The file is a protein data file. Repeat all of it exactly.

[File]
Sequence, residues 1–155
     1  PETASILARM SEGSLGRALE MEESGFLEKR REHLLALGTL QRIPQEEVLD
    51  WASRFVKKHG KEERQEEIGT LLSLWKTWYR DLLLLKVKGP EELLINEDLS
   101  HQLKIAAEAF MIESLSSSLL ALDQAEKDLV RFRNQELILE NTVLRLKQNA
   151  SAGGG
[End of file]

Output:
Sequence, residues 1–155
     1  PETASILARM SEGSLGRALE MEESGFLEKR REHLLALGTL QRIPQEEVLD
    51  WASRFVKKHG KEERQEEIGT LLSLWKTWYR DLLLLKVKGP EELLINEDLS
   101  HQLKIAAEAF MIESLSSSLL ALDQAEKDLV RFRNQELILE NTVLRLKQNA
   151  SAGGG